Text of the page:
"pleasantly informal but also supercilious, harsh, rude, and quite often racist"

“Looking at Zion, the Jewish perspective on Israel” is an online project that aims to present a more comprehensive look into the Israel- Diaspora relationship. In order to reach this goal we will present members in Jewish communities around the world a series of questions, asking them to articulate their thoughts and feelings towards Israel.
The interviewee - Hasia Diner, Professor of Hebrew and Judaic Studies and History, New York University. Born in Milwaukee; Hebrew speaker, from an immigrant Zionist family; religiously observant but liberal; Jewish life was the core of my existence. Graduate of Habonim, the Labor Zionist Youth movement.
In your opinion, what importance, if any, does the existence of a Jewish state have to you personally and to Jewish people in general?
“For decades Israel as a Jewish state played a central role in my Jewish self-expression but that is no longer the case. On the other hand, for most of Jewish history, Jews did not need a state but in the last few decades Israel has become a central pillar of communal identity.”
Do you feel committed in some way to defend the future existence of Israel?
“I do not know what defend means. If it means, defense by ending the Occupation, then I do and will give money. If it means advocating that the United States pressure Israel to undo its oppression, then I do that.”
Do you feel morally responsible for Israel’s actions (such as its management of the Israeli-Palestinian conflict)?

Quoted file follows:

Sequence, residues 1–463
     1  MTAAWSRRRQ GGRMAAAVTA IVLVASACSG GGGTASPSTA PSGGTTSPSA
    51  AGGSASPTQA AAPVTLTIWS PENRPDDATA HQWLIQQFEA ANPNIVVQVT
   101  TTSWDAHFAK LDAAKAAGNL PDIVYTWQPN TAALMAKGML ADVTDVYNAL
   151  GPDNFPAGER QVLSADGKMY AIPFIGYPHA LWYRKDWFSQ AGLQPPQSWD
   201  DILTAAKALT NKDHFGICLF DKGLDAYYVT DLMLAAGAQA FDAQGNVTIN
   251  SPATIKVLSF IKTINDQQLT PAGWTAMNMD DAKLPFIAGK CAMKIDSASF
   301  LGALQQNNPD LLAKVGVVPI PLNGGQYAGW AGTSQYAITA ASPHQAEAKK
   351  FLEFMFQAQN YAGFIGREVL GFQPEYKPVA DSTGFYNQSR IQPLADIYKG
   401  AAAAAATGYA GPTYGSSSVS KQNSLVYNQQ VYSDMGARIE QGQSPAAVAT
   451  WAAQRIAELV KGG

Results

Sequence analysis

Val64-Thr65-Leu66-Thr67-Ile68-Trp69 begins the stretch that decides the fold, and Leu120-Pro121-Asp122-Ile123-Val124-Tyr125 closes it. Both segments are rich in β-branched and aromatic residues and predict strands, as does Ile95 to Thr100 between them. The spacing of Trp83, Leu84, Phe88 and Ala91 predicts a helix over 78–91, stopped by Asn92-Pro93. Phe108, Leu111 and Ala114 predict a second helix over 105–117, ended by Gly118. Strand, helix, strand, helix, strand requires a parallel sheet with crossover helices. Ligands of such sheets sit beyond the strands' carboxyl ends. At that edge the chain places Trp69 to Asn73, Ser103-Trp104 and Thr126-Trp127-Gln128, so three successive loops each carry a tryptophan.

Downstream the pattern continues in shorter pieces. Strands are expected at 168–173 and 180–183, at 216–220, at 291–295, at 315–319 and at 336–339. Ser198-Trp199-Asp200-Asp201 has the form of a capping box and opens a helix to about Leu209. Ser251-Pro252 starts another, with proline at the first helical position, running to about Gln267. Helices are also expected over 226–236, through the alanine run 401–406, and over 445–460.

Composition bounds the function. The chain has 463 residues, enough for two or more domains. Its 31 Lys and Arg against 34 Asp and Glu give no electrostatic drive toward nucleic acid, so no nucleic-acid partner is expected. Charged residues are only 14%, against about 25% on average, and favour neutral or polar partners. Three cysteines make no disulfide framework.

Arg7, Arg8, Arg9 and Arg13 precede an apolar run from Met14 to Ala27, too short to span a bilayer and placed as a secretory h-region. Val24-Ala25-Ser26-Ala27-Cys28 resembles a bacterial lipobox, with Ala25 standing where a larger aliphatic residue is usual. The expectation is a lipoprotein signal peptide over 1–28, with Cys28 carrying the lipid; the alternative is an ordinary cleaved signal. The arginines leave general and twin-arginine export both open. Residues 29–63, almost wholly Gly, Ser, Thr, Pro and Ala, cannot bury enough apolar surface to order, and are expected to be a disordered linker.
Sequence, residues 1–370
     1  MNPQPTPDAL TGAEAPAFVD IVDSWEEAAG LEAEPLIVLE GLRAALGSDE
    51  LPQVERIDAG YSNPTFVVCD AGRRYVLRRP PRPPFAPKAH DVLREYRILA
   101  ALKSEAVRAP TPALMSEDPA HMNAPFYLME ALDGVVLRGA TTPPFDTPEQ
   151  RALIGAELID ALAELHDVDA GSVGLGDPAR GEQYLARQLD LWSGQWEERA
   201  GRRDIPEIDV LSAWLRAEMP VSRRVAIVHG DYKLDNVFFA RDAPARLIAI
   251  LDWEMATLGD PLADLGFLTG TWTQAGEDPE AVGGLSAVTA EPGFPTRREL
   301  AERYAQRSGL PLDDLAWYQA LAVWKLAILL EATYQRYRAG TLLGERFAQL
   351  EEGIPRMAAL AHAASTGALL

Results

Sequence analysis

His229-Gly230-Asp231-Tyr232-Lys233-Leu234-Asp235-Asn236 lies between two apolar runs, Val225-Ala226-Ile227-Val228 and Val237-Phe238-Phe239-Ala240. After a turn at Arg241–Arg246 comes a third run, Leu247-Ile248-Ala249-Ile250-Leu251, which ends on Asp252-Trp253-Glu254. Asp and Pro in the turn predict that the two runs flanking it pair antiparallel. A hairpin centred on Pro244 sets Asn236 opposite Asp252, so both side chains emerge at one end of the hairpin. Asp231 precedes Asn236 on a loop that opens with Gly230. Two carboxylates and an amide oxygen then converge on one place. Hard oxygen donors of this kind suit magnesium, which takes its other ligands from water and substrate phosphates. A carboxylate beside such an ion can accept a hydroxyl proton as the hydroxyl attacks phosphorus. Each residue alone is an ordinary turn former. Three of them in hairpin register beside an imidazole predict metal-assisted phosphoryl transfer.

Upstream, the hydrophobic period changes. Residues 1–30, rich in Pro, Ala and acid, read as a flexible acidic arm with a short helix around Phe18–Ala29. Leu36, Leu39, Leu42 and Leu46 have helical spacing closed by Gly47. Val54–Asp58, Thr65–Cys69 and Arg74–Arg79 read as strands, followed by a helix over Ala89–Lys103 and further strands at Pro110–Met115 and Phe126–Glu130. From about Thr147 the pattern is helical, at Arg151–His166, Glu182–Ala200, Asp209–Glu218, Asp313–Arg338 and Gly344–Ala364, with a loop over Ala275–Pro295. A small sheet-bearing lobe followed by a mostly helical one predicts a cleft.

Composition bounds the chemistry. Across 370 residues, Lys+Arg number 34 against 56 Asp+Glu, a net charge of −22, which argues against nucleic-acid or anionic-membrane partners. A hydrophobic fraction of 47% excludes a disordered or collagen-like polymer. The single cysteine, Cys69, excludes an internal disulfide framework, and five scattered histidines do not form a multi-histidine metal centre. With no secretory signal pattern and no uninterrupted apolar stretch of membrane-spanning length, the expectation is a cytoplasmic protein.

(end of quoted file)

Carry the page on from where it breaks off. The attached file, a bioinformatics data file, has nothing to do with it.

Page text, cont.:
“Yes and as such I feel shame. I also feel this as a US citizen.”
In your opinion, what is the main thing Israelis fail to understand about the reality of being Jewish outside of Israel?
“That our Jewish lives matter to us; that we care about being Jewish and those many expressions function independent of Israel.”
How would you describe Israel’s policy (formally and in practice) regarding its relationship with the Diaspora?
“Israel wants the ‘Diaspora’ – a term I do not accept – to give it money and to use its political clout for it, but it has no respect for or appreciation of its richness, complexity, and seriousness.”
In your opinion, does Israel have an obligation to defend and help Jewish communities in need?
Have you ever been to Israel? if you have, can you summarize your impression from the Israeli reality?
“I have been there many times. I found Israel and Israelis both warm, welcoming, and pleasantly informal but also supercilious, harsh, rude, and quite often racist.”
Can you tell us a bit about the Jewish community in your hometown? Is it organized? Are there community activities?
“New York? There is so much going on here, so many ways to engage as a Jew whether formally or informally.”
For more interviews, go to - lookingatzion.com